Instead of assigning one law to the parties, the judge proceeded to marry the two laws and show that the rights of one party could be interpreted in light of the rights of the other. This is an approach that commends itself to me. It is an approach that does not find conflict between the two legal systems but looks for a way of accommodating and reconciling the two systems.
I have indicated elsewhere above that the applicant’s inheritance at general law cannot be impugned. Further, the fact that as the current holder of certain rights, title and interests in the stand, he is at general law entitled to evict all those occupying the stand beyond his invitation is also beyond doubt.
On the other hand, it has not been shown that the respondent is completely without rights entitling her to remain in occupation of the stand at customary law. She is a widow at customary law. I hold this position notwithstanding that her late her husband disposed of his property using general law. In my view, the fact that her late husband disposed of his property using general law can hardly de-link the respondent from customary law and make her a widow at general law. In my view what denotes her position within the legal system is her closeness to customary law and her understanding of her position within that legal system. It appears to me that to hold otherwise will amount to accepting that her position in the legal system can be determined by her late husband from his grave.
Generally, the rights of widows at customary law to support and accommodation by the heir of their late husband’s estates has been long recognised by these courts. In this regard I refer to the cases of Masango v Masango SC 66/86 (an unreported judgment), where at page 3 of the cyclostyled judgment, BECK JA had this to say:
“In the absence of making it possible for the appellant to find such alternative accommodation for herself and her children as would be reasonable in all the circumstances, I do not consider that the respondent is entitled to insist upon their eviction from what is admittedly now his house. To order their eviction without suitable alternative provision having been made for their shelter would be tantamount to sanctioning an avoidance by the respondent of his customary law obligation to care for his father’s wife and children.”
The same approach was adopted by DUMBUTSCHENA CJ (as he then was) in the case of Chihowa and Mangwende 1987 (1) ZLR 228 (S).
I am aware that the above obligations may not be applicable to the applicant for two reasons. Firstly, the applicant is not an heir at customary law. Secondly, the late Simon came from Malawi. The customary practices of his tribe in relation to the rights of widows would have to be established by a court wishing to apply customary law to the dispute. The point I make at this stage is that widows at customary law generally, have certain rights and expectations upon the demise of their husbands. The contents of those rights and expectations may vary from tribe to tribe, but, can only be determined by the application of customary law rules and principles. Further and more importantly in my view, those rights and expectations, once ascertained, can only be discharged or extinguished by the application of customary law.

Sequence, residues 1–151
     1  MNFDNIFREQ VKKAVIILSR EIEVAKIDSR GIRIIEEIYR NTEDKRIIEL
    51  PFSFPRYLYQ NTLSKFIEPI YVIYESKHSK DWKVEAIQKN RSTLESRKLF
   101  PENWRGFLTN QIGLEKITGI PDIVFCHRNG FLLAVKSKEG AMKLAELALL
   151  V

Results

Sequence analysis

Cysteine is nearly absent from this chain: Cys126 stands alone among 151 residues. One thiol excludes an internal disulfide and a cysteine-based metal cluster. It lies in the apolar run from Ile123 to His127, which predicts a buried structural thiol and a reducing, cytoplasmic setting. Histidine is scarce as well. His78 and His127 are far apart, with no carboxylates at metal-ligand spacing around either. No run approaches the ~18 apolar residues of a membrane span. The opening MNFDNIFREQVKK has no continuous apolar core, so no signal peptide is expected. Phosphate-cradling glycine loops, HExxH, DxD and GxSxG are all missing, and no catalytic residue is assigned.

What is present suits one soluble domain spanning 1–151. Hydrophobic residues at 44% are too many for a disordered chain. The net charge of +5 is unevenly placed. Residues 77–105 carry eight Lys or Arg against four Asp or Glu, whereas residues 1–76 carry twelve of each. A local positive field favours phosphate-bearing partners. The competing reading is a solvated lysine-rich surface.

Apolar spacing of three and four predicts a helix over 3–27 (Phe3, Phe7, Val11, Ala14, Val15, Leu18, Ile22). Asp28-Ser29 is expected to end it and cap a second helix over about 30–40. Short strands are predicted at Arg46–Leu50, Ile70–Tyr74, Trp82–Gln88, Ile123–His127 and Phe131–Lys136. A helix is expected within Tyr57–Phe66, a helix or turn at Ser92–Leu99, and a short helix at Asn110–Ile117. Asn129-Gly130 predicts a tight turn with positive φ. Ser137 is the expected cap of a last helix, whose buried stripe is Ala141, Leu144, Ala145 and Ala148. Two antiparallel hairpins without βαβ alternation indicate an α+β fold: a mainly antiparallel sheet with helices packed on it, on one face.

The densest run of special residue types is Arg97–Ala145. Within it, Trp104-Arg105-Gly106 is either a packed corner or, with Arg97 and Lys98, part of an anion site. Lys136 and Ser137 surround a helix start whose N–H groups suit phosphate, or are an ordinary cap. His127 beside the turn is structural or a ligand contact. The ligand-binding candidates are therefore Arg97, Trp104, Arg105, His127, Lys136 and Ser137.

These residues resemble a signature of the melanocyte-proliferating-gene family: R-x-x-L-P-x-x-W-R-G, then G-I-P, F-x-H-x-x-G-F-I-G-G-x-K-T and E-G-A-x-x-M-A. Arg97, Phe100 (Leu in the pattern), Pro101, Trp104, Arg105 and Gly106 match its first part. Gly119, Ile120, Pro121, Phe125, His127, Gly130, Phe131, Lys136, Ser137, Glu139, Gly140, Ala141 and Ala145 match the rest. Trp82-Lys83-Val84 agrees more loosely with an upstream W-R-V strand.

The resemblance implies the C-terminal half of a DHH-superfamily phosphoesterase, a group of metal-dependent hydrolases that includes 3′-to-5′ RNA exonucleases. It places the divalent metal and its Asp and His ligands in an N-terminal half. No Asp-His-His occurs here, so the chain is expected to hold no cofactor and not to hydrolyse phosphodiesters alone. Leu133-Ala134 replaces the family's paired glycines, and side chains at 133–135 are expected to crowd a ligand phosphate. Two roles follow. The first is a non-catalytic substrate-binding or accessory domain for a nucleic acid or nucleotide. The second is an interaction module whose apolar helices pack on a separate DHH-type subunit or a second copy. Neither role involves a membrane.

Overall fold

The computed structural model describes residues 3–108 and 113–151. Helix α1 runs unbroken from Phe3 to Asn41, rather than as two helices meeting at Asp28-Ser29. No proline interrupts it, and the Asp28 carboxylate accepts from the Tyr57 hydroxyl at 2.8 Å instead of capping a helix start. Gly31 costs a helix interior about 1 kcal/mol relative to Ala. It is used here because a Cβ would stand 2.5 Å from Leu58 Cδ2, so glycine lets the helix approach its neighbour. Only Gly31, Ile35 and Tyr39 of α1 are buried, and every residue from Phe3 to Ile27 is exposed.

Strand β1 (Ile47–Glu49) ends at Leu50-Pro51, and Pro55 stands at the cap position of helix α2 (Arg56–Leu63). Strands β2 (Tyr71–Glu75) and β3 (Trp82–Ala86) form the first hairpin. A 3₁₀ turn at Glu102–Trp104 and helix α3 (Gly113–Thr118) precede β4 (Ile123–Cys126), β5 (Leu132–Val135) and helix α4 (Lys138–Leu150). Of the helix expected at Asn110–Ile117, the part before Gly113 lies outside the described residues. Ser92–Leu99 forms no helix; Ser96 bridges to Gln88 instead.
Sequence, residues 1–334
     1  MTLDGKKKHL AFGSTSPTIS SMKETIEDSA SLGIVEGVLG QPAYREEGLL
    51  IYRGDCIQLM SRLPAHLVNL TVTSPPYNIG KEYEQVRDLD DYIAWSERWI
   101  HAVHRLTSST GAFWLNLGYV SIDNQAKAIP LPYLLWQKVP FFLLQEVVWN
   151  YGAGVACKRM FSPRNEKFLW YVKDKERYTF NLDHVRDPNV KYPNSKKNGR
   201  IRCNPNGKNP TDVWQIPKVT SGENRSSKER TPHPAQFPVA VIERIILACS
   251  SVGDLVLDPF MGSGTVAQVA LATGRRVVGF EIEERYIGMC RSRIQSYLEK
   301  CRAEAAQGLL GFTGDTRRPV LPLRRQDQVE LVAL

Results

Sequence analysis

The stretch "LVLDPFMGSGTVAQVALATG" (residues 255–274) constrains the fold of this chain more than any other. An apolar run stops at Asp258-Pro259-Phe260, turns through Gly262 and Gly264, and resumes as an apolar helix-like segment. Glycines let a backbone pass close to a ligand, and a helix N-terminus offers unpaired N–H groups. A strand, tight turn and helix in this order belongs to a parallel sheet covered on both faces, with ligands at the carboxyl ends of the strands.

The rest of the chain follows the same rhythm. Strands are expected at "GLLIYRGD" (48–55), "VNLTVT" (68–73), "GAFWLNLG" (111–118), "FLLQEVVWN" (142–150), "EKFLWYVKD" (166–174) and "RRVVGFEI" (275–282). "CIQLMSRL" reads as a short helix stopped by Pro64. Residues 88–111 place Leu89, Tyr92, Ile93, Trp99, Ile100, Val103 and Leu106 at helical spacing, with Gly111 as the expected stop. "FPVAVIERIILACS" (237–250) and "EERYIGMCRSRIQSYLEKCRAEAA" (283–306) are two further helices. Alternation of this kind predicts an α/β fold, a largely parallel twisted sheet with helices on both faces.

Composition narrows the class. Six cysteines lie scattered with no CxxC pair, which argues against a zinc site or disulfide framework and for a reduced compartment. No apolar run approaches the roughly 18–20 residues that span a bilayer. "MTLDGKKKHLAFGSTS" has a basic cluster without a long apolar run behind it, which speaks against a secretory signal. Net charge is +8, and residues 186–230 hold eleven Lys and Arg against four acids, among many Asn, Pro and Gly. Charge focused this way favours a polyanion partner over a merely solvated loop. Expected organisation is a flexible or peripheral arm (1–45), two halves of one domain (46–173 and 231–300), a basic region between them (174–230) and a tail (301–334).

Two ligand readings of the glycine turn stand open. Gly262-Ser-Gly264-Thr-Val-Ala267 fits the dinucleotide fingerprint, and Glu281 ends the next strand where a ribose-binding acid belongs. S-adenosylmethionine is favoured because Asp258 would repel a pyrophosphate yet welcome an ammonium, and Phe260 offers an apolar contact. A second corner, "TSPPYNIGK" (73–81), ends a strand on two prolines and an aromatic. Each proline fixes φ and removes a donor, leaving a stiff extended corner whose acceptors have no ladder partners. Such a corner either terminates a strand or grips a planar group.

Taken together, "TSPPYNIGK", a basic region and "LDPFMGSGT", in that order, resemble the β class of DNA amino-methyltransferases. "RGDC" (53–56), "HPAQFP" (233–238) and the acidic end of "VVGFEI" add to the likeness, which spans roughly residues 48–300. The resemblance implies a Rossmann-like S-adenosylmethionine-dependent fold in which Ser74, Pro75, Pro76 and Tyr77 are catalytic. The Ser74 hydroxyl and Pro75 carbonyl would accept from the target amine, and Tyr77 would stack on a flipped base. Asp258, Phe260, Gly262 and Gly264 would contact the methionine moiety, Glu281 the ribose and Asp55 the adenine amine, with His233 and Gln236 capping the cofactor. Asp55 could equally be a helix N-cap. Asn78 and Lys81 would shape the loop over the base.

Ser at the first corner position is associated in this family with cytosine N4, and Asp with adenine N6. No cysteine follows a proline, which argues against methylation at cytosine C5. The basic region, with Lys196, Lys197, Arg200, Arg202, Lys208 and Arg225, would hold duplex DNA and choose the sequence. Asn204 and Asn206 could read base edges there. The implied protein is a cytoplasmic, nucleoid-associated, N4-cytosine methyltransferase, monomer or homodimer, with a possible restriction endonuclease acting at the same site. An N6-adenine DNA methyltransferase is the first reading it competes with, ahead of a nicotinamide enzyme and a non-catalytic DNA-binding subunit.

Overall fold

In the matter before me, no basis has been laid for holding that the general law of Zimbabwe alone is applicable to the dispute between the parties. No basis has been laid for excluding completely the consideration of the respondent’s position at customary law. In my view, while the inheritance of the stand by the applicant is governed by the principles of general law, the right of the respondent to remain or to be removed from the house that she regards as her permanent home by virtue of her status at customary law, can only be determined by the customary law of the tribe that the deceased belonged to. To view the resolution of the dispute in this manner is in my view, consistent with the approach adopted by CHINHENGO J in the Gwatidzo case, that seeks to harmonise general law with customary law.
Regarding costs, it is my view that although the applicant has not succeeded, his position is correct at general law. His approach to the court for an eviction order is understandable in the circumstances. Further, the respondent was represented in forma pauperis and the level at which she was so represented caused me to request the senior partner of the law firm representing her, to give me certain assurances, which, commendably, he did.
In the result, I make the following order:
The application is dismissed.
There shall be no order as to costs.
Gutu & Chikowero, applicant’s legal practitioners.
Manase & Manase, respondent’s legal practitioners.